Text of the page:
1 For its latest cover, New York commissioned a custom-made banner reading MISS U to fly over the city (October 12–25). The Atlantic’s Jeffrey Goldberg tweeted, “Kudos to @NYMag for chartering two airplanes to make their beautiful cover this week. I love big magazine thinking.” Podcaster Greg Young said it was “a reminder that old-fashioned magazine design can still be the most effective artwork on the planet.” For others, the cover was touching. Dyan Flores tweeted, “Sorry I was late for that meeting, I was busy crying at a New York magazine cover.” And Lia Miller wrote, “This is so perfect. Beautiful, heavy and light with a touch of surreal.” But writer Kaitlin Phillips bristled at the cover’s sentimentality: “The slogan ‘miss you’ means nothing to me … Is the implication that a lot of New York magazine readers are still getting takeout all day every day, stuck inside, doing lil puzzles?”
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2 Inside, the magazine marked the relaunch of Curbed as part of New York Magazine with a look at how the pandemic has transformed the city (“New York on the Brink … of Something …,” October 12–25). Andrew Rice examined what would happen to the city’s finances if office buildings stay empty (“The Panic Attack of the Power Brokers”). The Daily Beast’s Harry Siegel called the report “the best single thing I’ve read about what a deep hole New York City is in and how much is at stake in our 2021 June primary, when registered Democrats will very likely determine our path over the next decade.” Talking Points Memo founder Josh Marshall wrote, “As someone whose company is still being jacked for rent for office space we haven’t been able to use since March I really couldn’t be happier.” And reader Mike Flowers responded, “What do you think happens when you get panic attacks instead of leadership from the front and emergency management professionalism? The death count, overall misery levels and the looming economic disaster(s) are the metrics.” In “The Next Mayor’s Next City,” architecture critic Justin Davidson wrote about the pitfalls and possibilities New York’s incoming leaders will inherit. WNYC’s Kate Hinds called the story a “great and important read about how next year’s municipal elections offer a chance to chart a course for NYC’s moral future.” Ben Kabak, of the transit blog Second Ave. Sagas, cautioned, “Justin’s article makes me more optimistic about the on-the-ground ideas, but I’m still thinking about how industry leaders are kowtowing to the governor by talking up the LGA AirTrain as part of NYC’s ‘recovery’ rather than the variety of better ideas.”
3 Miriam Elder took readers inside a showdown on the Upper West Side, where local residents sought to kick homeless men out of a neighborhood hotel that had been sheltering them during the pandemic (“When NIMBY Met MAGA,” October 12–25). Alex Kliment called the report a “superb vignette of how being a ‘good liberal’ is often just a performance that falls apart the moment there’s something at stake.” Slate’s Jordan Weissmann said it was “one of those stories where every single person involved — except for the one homeless man interviewed — looks terrible.” Other readers pointed out that similar situations are playing out in other parts of the country: Mother Jones’s Nathalie Baptiste wrote, “It could be about any town or city with lots of wealthy white liberals who think they couldn’t possibly be racist because they vote for candidates with a D next to their names.” On October 19, a judge issued a temporary restraining order ruling that the city could not move the men from the Lucerne to the Financial District for the time being.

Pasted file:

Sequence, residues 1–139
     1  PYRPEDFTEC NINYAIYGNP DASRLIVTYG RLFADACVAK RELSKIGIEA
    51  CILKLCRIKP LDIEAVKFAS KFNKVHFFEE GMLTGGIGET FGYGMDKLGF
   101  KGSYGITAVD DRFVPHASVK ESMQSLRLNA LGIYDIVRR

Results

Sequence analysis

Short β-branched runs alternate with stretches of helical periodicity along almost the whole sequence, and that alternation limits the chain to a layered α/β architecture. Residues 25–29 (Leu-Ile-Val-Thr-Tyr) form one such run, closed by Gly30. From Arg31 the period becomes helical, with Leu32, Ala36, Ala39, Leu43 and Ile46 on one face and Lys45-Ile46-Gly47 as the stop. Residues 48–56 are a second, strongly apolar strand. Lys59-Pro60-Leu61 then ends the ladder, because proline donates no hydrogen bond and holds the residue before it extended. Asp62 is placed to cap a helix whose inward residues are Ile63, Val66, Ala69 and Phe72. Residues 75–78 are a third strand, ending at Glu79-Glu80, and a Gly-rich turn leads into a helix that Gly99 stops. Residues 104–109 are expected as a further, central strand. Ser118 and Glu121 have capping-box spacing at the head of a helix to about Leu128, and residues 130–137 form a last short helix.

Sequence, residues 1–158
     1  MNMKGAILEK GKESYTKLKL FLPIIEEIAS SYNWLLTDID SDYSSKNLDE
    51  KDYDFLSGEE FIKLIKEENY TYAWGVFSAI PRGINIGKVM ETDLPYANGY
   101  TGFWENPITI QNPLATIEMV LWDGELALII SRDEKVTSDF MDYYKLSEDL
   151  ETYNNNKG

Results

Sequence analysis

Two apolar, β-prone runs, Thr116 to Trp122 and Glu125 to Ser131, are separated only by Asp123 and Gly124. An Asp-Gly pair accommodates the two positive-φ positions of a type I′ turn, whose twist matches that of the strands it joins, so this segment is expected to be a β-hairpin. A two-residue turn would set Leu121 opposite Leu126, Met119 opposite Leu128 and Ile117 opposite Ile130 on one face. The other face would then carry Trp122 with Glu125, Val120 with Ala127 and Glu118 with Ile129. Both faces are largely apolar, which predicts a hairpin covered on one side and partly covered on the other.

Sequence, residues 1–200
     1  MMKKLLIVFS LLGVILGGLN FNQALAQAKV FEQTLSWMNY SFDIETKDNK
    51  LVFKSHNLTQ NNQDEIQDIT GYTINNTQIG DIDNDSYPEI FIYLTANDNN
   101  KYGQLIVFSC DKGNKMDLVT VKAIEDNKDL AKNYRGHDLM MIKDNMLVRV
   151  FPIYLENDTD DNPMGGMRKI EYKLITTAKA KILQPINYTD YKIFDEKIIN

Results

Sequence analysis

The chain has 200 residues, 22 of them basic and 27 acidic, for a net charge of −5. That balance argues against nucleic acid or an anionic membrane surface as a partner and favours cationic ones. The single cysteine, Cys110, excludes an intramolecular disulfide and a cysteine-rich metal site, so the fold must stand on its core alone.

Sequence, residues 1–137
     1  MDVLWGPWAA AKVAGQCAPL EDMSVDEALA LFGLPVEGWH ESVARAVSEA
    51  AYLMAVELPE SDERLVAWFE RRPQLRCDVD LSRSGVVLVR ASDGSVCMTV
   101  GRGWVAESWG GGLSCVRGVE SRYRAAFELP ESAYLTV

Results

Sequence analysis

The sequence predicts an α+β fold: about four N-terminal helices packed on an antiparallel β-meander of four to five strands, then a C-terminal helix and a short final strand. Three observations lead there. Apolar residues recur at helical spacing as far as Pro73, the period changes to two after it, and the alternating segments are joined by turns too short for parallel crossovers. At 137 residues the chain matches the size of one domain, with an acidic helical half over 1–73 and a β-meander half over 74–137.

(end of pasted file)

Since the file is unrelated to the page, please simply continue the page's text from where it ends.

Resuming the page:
4 In “The Entire Presidency Is a Superspreading Event,” Washington correspondent Olivia Nuzzi reported on President Trump’s COVID-19 diagnosis and the surreal ten days that followed in the West Wing (October 12–25). On MSNBC, Yasmin Vossoughian responded, “As I was reading this, I thought to myself, Then what are you doing there? Why do you continue to work in this White House? How do you wake up every day?” On Twitter, journalist Elon James White joked, “You know how in the movies someone has a near death experience and it makes them reevaluate their life choices and really appreciate the time they have here. It makes them want to be a better person. Too bad this is real life.”
Corrections: “The Entire Presidency Is a Superspreading Event” (October 12–25) incorrectly stated that Donald Trump didn’t attend his brother Fred Jr.’s funeral. Rather, he didn’t visit him in the hospital when he was dying and instead went to the movies. Because of an editing error, “QAnon Goes to Washington” (September 28–October 11) incorrectly stated that of the 24 QAnon candidates on the federal ballot in November, two of them are Democrats. Those candidates are independents.
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